Rx(θ)=[1000cos(θ)sin(θ)0sin(θ)cos(θ)]R_x(\theta) = \begin{bmatrix} 1 & 0 & 0 \\ 0 & \cos(\theta) & -\sin(\theta) \\ 0 & \sin(\theta) & \cos(\theta) \end{bmatrix} Ry(θ)=[cos(θ)0sin(θ)010sin(θ)0cos(θ)]R_y(\theta) = \begin{bmatrix} \cos(\theta) & 0 & \sin(\theta) \\ 0 & 1 & 0 \\ -\sin(\theta) & 0 & \cos(\theta) \end{bmatrix} Rz(θ)=[cos(θ)sin(θ)0sin(θ)cos(θ)0001]R_z(\theta) = \begin{bmatrix} \cos(\theta) & -\sin(\theta) & 0 \\ \sin(\theta) & \cos(\theta) & 0 \\ 0 & 0 & 1 \end{bmatrix}

Rotating anywhere in space

But are we really done? This is all well and good if we want to rotate exactly about one of the main coordinate axes, but it doesn't really help us if we want to rotate arbitrarily in 3D space around the origin.

There are actually a few different ways to think about this, and as I mentioned earlier it gets pretty complicated, so for now we'll touch on the most straightforward approach - multiple rotations.

Even that can get confusing, but essentially there is a rule that says that any coordinate rotation in 3D space can be achieved with no more than 3 sequential rotations around the primary axes. For example, we could rotate first around the Z axis, then around the Y axis, and then around the X axis. You can even use the same axis twice (for the first and last ones), e.g. Z-Y-Z. So we can multiply the rotation matrices for the individual dimensions to form a single matrix that represents the arbitrary rotation.

Rxyzp=RzRyRxp\mathbf{R}_{xyz}\mathbf{p} = \mathbf{R}_z\mathbf{R}_y\mathbf{R}_x\mathbf{p}


The details of 3D rotations is a topic which could be a whole series by itself, so for now we can just be content knowing that:

  • By extending our knowledge of 2D rotations, we can rotate around any 3D coordinate axis
  • By rotating around multiple 3D coordinate axes we can achieve any 3D rotation

Have a play around with the examples below to see if you can get some intuition for how the 3D rotations work. In the next post in this series we'll see how we can use our matrix to translate (shift) points around.



Click to open in a new window if the applet does not display correctly.



3D Example
% Set up an array of points for a cube
pts = [1 1 1 1 -1 -1 -1 -1 ;
1 1 -1 -1 1 1 -1 -1 ;
1 -1 1 -1 1 -1 1 -1 ];

% Create the rotation matrices
theta_x = 45;
theta_y = 0;
theta_z = 30;

rot_x = [ cosd(theta_x), -sind(theta_x), 0; ...
sind(theta_x), cosd(theta_x), 0; ...
0, 0, 1];

rot_y = [cosd(theta_y), 0, sind(theta_y); ...
0, 1, 0; ...
-sind(theta_y), 0, cosd(theta_y)];

rot_z = [1, 0, 0; ...
0, cosd(theta_z), -sind(theta_z); ...
0, sind(theta_z), cosd(theta_z)];

% Rotate the points
rot_pts = rot_x * rot_z * pts;

% Plot the axis marker
plot3([3 0],[0 0], [0 0],'r','linewidth',3);
hold on;
plot3([0 0],[3 0], [0 0],'g','linewidth',3);
plot3([0 0],[0 0], [3 0],'b','linewidth',3);

% Plot the vertices (original then rotated)
plot3(rot_pts(1,:), rot_pts(2,:), rot_pts(3,:),'.r','MarkerSize',20);

% Plot the edges (original then rotated)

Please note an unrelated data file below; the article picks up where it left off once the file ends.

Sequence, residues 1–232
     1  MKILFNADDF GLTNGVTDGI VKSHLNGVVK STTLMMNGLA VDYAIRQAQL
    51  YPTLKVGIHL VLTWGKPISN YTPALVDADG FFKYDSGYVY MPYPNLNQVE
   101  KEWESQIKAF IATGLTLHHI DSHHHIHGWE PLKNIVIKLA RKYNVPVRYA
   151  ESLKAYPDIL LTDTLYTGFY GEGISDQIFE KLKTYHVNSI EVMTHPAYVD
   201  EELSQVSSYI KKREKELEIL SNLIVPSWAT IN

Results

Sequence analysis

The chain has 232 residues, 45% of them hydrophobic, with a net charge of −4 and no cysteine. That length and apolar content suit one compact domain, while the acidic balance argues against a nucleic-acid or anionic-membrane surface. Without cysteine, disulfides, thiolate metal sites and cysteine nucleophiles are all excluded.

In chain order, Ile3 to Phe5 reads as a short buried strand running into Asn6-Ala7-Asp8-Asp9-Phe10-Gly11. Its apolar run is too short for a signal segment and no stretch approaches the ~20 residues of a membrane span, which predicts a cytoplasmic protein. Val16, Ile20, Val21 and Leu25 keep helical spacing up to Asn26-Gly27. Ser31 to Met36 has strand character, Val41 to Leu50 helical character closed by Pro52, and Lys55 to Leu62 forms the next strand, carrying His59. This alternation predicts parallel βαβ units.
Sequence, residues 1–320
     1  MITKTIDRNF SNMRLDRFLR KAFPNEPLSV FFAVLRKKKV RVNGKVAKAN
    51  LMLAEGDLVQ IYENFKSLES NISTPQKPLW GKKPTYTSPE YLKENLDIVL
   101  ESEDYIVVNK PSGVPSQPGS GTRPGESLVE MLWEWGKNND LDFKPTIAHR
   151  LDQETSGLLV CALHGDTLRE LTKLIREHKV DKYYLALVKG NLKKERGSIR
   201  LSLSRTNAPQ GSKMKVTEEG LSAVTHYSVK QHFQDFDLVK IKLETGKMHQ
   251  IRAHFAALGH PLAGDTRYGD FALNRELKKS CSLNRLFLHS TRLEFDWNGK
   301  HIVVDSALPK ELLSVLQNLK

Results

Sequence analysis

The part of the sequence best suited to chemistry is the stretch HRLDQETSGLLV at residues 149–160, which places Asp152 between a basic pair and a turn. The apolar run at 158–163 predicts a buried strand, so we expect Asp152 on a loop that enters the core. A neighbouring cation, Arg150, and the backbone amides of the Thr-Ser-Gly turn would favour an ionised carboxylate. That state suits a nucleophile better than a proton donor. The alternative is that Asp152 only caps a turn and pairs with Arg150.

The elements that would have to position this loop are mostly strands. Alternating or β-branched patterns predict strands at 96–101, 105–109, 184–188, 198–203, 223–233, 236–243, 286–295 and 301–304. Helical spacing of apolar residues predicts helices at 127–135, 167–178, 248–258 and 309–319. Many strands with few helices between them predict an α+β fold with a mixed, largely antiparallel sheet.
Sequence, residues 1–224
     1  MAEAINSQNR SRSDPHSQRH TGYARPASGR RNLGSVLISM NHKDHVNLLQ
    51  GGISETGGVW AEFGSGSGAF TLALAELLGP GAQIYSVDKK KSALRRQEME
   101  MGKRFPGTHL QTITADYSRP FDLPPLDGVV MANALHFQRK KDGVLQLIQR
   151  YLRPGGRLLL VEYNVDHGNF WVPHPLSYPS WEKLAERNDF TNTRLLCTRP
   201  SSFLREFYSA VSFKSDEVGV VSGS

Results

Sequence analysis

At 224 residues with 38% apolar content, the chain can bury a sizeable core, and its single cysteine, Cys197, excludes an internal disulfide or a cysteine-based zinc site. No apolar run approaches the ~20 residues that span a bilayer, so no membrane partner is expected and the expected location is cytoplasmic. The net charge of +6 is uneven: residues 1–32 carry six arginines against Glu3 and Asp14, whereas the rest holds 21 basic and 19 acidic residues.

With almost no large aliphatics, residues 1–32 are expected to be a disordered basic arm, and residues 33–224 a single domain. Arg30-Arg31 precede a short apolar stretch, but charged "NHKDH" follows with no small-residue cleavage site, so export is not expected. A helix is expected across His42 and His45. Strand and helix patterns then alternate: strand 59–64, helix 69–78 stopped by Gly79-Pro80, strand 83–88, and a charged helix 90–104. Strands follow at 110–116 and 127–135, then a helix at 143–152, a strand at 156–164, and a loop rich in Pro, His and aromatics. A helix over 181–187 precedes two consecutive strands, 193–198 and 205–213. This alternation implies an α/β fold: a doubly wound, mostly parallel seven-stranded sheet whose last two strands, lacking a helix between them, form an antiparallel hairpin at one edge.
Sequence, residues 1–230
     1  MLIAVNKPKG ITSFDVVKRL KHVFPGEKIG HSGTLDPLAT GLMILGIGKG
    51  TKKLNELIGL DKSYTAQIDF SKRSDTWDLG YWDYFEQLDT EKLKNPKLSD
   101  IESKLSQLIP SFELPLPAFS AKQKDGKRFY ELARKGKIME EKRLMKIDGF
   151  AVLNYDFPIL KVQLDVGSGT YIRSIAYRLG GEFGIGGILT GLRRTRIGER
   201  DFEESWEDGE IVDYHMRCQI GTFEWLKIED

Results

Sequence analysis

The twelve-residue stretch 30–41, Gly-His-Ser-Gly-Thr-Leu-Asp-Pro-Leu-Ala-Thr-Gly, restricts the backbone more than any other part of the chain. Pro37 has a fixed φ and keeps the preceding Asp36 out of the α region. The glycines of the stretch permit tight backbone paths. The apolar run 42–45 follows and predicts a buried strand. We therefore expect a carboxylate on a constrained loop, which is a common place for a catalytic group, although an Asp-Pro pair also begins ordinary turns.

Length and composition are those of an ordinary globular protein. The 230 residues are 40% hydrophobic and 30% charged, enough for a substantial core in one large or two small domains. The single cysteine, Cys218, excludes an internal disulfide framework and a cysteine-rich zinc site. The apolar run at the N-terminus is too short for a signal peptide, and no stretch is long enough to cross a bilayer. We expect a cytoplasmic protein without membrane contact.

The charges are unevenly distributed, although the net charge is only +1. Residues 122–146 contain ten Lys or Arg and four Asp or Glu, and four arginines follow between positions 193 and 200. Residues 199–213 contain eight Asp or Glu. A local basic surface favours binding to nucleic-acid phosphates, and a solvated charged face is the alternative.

segment_order = [1,2;3,4;5,6;7,8;1,3;2,4;5,7;6,8;1,5;2,6;3,7;4,8];

for i = 1:size(segment_order, 1)
plot3(pts(1,segment_order(i,:)), pts(2,segment_order(i,:)), pts(3,segment_order(i,:)), ':b');
plot3(rot_pts(1,segment_order(i,:)), rot_pts(2,segment_order(i,:)), rot_pts(3,segment_order(i,:)), '-r');

% Clean up the view
axis equal;
axis(2*[-1, 1, -1, 1, -1, 1]);

Bonus tips on working with 3D coordinate systems

The right-hand rules

In the world of engineering and physics there are quite a few "right-hand rules" (and some left-hand rules too). They are useful for various types of equations whose results have a specific direction. For example, they can tell us the direction that current will flow in a wire moving through a magnetic field, or the direction of the torque when a force is applied to a lever.

The two that we are concerned with here are shown below:

Right hand rule
Right hand grip rule

The first is the "normal" right hand rule for coordinate systems. It tells us what direction the zz axis should be, given the xx and yy axes. If you make a "finger gun" with your right hand, and don't fully bring your middle finger in but instead keep it perpendicular to the other two, you should be able to mimic the photo. Imagine that your thumb is the x axis, and your index finger is the y axis. Then, your middle finger would point in the direction of the z axis. If you imagine the standard x-y plane on a page, the axis extends "out of the page".

The second rule is the "grip" rule. It tells us what direction a positive rotation around an axis goes. If you make a "thumbs-up" with your right hand and imagine that your thumb is the direction that the axis points, the direction that your fingers point as they curl will be a positive rotation. Another way to think about this is that the positive rotation about one axis is the rotation required to turn the next axis into the one after that. For example if you look at the XYZ axis marker above, you can see that a positive X rotation can turn the Y arrow into the Z arrow. Likewise, a positive Y rotation could turn the Z arrow into the X arrow.

Be careful to remember to use your right hand! Although the maths will actually all work out if you use your left hand, you'll become very confused as all of your work will be incompatible with any existing code or tools that assume a right-handed system! The only exception to this is that some computer graphics systems (e.g. the Unity or Unreal engines) are actually based on a left-handed system and may require careful attention when converting.

Colours and models

Another really useful tool in working with coordinate systems and being able to visualise them is to print out a model of one.

I like to use this "2D" printed model of a coordinate system, however there are also 3D printed alternatives. Either way, take note of the colours! Most 3D visualisations will assign red to the x axis, green to the y axis, and blue to the z axis.

Extra Resources

  • Wikipedia has an article on forming 3D rotation matrices by using multiple axial rotations.